Will our wet August increase flood risk in South Galway?

It was hard to imagine the past month was actually part of our summer. We had fine weather for most of June and July and August 2019 came blanketed in rain.  According to Met Eireann, Athenry station, the average August brings about 107mm of rain. August 2019 brought 286mm.  In fact this is over 2 1/2 times the amount of rain we normally get!

You can see this in the graph from Met Eireann below.


What about the overall summer though?


Things average out a bit better because we had a drier July than normal however, even averaged over the 3 months it’s still over 1.5 times the rainfall we normally get.  If we look at the how the rainfall has been accumulating over the entire year, then we get this.

We had a drier new year but then a wet March caught up with us and May was a very dry month, bringing us below average.  Before August rainfall was just below average for the entire year but the 286mm catapulted us well above average for the year. In fact if we didn’t get any rain at all September, then wed be back on track – but listening to the rain outside – this is unlikely to be the case.


Flood Risk

While it good to have the stats, the slightly worrying thing here is that August has brought the South Galway Turloughs up quite high and as many of the local  communities know – we want these as low as possible coming into the winter.

Normally, it’s from end of October that the ‘chatter’ starts up around flooding. People are more aware of it and the tensions start to notch up when we get heavy persistent rain. That chatter has already started and as we just start the Autumn, possible winter flooding is on peoples mind.

The August Rainfall will take several months to get through the system and in fact the lower Turloughs of Caherglassaun will probably only peak in the next week or 2.  Here’s hoping that September and October will turn thing around again and bring back a sense of normality.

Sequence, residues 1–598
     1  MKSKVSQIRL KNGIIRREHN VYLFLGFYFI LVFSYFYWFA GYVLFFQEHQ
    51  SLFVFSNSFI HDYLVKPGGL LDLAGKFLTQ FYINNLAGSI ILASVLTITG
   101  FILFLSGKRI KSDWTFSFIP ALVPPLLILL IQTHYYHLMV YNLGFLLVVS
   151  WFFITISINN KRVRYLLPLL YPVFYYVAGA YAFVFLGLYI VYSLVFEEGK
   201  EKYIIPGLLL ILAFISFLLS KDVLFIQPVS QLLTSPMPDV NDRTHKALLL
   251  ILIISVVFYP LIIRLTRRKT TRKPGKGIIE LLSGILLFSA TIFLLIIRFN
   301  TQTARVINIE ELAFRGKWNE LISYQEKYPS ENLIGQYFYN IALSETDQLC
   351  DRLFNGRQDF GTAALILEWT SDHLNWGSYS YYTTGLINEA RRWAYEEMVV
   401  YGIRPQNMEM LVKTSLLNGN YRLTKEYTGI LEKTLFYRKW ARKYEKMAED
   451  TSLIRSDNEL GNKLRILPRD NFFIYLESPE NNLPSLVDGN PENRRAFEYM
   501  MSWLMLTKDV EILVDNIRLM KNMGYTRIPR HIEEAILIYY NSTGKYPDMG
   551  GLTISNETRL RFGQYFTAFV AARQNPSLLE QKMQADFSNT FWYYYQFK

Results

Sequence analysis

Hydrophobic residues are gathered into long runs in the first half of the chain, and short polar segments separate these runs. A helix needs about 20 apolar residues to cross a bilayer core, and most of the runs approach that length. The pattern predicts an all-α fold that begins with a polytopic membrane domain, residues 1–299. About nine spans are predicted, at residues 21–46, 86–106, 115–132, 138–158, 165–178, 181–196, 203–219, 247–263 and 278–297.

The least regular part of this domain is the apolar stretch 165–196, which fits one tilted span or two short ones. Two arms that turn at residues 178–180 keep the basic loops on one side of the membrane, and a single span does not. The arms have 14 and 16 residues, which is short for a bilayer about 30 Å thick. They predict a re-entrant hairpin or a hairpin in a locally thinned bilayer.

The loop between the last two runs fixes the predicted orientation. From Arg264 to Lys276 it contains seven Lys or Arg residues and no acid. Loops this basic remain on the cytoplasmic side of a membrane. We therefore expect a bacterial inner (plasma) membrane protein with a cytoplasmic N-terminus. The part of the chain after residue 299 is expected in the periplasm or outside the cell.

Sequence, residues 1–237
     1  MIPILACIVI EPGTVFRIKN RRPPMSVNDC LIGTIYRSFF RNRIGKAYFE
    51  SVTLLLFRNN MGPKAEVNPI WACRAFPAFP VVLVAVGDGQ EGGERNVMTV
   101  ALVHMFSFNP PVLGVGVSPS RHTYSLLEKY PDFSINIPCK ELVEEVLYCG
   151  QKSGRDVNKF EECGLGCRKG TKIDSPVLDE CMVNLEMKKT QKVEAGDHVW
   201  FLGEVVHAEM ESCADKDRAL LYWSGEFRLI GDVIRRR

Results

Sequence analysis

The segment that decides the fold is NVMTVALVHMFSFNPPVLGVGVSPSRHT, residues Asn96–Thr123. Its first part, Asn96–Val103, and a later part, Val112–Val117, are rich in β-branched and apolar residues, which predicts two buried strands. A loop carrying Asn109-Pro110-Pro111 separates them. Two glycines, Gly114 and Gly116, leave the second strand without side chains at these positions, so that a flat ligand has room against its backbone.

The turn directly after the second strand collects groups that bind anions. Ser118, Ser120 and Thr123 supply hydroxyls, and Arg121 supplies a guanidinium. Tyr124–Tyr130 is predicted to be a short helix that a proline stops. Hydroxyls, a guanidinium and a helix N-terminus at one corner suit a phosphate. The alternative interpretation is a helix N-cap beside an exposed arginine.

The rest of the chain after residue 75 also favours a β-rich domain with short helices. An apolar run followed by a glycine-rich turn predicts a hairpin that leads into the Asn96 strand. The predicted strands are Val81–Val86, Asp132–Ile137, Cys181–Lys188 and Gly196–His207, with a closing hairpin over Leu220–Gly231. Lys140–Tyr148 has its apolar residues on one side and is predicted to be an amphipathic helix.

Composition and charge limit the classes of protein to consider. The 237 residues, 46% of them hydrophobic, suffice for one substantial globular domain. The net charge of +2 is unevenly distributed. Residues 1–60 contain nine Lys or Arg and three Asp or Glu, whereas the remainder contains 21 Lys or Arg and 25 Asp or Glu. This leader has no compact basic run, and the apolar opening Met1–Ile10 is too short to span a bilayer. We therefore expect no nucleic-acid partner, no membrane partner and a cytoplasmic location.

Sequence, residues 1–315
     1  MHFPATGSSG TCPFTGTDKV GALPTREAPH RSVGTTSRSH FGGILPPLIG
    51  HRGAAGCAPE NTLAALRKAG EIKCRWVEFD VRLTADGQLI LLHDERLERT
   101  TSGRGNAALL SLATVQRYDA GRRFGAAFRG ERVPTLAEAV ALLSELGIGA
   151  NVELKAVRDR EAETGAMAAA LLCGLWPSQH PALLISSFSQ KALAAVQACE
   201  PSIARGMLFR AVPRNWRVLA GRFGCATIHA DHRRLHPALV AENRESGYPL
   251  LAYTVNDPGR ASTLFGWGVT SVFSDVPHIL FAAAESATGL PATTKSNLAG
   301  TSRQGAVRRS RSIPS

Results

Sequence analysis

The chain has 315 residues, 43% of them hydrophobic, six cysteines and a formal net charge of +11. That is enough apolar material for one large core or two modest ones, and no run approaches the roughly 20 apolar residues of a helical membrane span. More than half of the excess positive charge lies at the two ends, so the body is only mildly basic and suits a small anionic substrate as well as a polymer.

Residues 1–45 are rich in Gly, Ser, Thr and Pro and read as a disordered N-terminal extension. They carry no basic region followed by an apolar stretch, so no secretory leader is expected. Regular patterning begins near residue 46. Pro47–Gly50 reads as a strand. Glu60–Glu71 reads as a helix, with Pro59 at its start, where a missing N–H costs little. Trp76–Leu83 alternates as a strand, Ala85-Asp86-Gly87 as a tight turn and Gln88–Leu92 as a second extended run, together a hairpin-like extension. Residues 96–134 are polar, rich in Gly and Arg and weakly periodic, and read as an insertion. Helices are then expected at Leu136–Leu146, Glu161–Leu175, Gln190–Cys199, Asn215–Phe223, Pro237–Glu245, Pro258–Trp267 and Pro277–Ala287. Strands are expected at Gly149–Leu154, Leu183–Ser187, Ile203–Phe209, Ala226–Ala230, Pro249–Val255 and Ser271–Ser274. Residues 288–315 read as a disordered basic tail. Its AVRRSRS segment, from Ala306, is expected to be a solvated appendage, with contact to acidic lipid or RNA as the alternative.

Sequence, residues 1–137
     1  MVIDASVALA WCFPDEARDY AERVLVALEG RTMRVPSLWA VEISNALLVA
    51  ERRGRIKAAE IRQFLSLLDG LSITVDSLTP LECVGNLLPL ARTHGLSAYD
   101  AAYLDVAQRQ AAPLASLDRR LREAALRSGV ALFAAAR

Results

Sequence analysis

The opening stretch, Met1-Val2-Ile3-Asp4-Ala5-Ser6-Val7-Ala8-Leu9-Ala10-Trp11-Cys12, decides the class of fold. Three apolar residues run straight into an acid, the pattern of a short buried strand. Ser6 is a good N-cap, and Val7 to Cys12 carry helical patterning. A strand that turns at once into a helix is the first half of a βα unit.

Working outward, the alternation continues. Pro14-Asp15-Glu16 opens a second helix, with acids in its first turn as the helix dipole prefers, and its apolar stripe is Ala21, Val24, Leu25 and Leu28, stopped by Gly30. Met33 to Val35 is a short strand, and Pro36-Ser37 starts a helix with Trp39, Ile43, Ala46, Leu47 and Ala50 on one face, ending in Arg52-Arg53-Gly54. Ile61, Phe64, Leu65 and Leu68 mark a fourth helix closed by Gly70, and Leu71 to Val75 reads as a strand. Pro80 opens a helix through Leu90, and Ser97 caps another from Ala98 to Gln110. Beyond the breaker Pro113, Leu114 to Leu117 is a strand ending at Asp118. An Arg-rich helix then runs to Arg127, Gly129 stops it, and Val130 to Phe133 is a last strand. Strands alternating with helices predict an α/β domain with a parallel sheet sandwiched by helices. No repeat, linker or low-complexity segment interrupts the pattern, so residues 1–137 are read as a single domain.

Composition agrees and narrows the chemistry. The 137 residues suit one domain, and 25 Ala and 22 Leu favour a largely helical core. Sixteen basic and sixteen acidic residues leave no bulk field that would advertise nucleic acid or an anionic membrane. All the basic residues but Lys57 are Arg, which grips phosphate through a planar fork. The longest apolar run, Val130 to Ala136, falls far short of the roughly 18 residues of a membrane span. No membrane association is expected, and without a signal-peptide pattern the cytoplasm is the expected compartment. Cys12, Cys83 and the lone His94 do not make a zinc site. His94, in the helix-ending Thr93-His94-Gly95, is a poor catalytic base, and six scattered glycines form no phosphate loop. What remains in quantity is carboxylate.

The current plan is that the South Galway Flooding Analysis, Initial design and feasibility study is completed by the end of this year.  This is something that the South Galway Flood Relief Committee (SGFRC) brought to attention with our elected representatives (See Minister Moran will leave no stone un-turned when it comes to delivering a Solution for South Galway)






We highlighted that there were 2 key risks to the project at this stage that we needed to get through to get to Feasibility Study

  1. Poor Cost-Benefit Analysis could halt the project
  2. Risk that Environmental factors would block our flood-relief project

We sought and got commitment from Minister Moran and our other elected representatives (Minister Ciaran Cannon, Minister Sean Canney and Deputy Anne Rabbitte as well as our newly elected County Councillors), on getting to a long-term solution for South Galway Flooding.   They are all firm in their commitments so we need to wait a few more months until we get the feasibility study to allow us to progress to full design and public consultation.

Thank you for reading this and please remember that by sharing and liking this, you help keep this issue to the fore where it needs to be to get the attention that the South Galway Communities need for a long term solution

-David Murray